Are steroids right for arthritis pain?
If you have been turning to steroid injections to relieve your painful osteoarthritis, new research shows it may be riskier than previously thought.
A new study done by the Cochrane Muscular Skeletal Group and published in Radiology was done with 459 patients who were given one to three steroid injections for hip or knee arthritis. Twenty-six patients experienced a quick progression of their disease. Three patients suffered rapid joint destruction, including bone loss. Four patients had stress fractures in their hips and three had complications from osteonecrosis, which is the death of bone tissue.
The study was a follow up to a 2017 study of 140 people by Tufts Medical Center published in the Journal of American Medicine. The earlier study saw half of the participants receive a steroid shot and the other half a shot of saline solution every three months for two years. At the end of the study, those who received the steroids had a greater volume of cartilage loss and no difference in pain.
Osteoarthritis, commonly called the “wear and tear” arthritis, is the most common form of arthritis. About 30 million Americans suffer from this painful disease where the cartilage cushioning the joints breaks down or becomes damaged. That causes bone to rub against bone, which is why people feel pain. One of the common treatments for arthritis is corticosteroid injections.
The study caused a stir among patients when the news broke, said Hyannis orthopedic surgeon Jesse Affonso, MD, (three or four patients he saw that day asked him about it), but “I don’t think anything that came out in the news was groundbreaking for orthopedic surgeons.”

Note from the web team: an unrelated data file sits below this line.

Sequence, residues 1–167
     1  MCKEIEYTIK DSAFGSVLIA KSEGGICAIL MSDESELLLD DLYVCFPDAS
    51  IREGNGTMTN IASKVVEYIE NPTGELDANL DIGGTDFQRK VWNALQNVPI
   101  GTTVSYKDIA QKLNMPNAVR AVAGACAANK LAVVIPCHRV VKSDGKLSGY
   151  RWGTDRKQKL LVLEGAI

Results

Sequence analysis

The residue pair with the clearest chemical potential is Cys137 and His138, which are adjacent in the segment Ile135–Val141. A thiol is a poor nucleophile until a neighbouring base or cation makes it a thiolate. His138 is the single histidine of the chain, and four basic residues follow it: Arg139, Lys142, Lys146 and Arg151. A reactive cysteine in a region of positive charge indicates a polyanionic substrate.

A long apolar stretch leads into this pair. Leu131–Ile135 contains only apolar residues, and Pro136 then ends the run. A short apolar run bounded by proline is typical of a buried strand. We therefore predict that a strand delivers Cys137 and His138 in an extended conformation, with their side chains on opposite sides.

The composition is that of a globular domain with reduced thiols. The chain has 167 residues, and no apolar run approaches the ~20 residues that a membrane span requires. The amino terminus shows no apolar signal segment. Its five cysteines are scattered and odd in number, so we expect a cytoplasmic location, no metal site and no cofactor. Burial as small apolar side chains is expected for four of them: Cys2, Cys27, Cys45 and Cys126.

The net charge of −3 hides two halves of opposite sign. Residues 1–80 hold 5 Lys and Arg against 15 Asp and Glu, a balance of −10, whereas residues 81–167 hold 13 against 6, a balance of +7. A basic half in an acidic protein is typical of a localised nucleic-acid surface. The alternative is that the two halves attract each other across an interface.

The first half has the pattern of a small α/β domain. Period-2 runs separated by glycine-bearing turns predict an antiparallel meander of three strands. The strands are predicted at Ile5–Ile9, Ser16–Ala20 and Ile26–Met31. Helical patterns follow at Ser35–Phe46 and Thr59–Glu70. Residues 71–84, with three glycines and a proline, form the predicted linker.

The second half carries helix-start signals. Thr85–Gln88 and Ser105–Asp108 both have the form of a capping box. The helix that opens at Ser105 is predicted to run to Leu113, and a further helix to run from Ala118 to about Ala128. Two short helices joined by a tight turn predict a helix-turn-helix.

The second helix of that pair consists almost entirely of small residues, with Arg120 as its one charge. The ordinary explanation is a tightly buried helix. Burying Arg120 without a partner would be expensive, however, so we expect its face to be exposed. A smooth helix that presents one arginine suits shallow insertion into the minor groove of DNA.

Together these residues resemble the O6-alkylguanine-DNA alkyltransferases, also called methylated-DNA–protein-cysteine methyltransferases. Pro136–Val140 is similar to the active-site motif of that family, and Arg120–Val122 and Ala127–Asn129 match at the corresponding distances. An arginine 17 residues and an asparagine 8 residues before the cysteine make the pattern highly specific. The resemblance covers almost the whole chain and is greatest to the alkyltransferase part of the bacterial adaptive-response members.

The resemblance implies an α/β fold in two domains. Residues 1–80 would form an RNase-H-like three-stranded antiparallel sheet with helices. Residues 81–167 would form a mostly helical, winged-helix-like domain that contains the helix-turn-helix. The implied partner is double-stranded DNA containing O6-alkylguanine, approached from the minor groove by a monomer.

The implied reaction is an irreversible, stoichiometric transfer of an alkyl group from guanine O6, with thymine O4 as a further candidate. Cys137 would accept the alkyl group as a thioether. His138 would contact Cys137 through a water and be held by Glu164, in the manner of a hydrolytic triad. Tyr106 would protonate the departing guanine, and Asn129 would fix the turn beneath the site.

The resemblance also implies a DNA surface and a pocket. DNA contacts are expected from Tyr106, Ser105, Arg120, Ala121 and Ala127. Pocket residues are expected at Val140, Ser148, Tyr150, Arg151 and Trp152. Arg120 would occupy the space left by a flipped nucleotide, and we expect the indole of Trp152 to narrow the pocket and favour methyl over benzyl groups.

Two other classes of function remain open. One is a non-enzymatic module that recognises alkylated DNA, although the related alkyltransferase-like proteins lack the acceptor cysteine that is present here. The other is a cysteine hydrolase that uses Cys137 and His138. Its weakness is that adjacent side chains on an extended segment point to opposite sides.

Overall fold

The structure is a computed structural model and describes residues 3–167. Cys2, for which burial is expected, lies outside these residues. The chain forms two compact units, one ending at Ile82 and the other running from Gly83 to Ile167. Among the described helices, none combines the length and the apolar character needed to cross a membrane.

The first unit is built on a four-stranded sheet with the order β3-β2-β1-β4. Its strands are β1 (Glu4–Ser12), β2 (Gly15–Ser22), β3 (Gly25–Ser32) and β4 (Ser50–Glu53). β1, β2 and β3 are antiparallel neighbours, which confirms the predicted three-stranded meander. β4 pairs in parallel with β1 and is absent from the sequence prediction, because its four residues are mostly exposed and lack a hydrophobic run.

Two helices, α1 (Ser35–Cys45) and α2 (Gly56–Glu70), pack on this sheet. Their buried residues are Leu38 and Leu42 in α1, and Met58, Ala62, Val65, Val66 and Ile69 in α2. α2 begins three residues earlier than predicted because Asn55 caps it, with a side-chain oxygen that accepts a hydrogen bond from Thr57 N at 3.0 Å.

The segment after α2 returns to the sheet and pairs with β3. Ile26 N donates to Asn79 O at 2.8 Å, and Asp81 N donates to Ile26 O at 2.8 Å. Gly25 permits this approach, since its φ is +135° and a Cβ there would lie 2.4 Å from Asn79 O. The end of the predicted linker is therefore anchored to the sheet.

Appropriate Use of Steroids
While the research was educational for patients, in terms of understanding that no treatment is without potential side effects, Dr. Affonso said he is not overly alarmed by the results. On a busy day in his office, he can treat eight to 10 patients with steroid injections and his physician’s assistant administers an additional four to six.
“Steroid injections are certainly a well-utilized tool in an orthopedic surgeon’s repertoire, but you do have to be a little careful as for what they are being used for and how many injections you are giving in a particular area, either in a year or in a lifetime,” he said. “I think if you asked 10 orthopedic surgeons, you would get at least six different answers as to what orthopedic surgeons are telling their patients.”
Dr. Affonso uses steroid injections as both a diagnostic tool and a therapeutic tool. A steroid shot that works shows him where the pain is being generated. It also helps cut down on the pain patients feel. The best uses for the injections are for diseases like bursitis, tendonitis and adhesive capsulitis, which is a frozen shoulder.
Since he believes that steroid shots don’t really help people with arthritis, he refrains from treating those patients with steroids.
Most orthopedic surgeons have their own internal rules about the number of injections they are willing to give to the same joint in a year. Dr. Affonso limits it to three per year.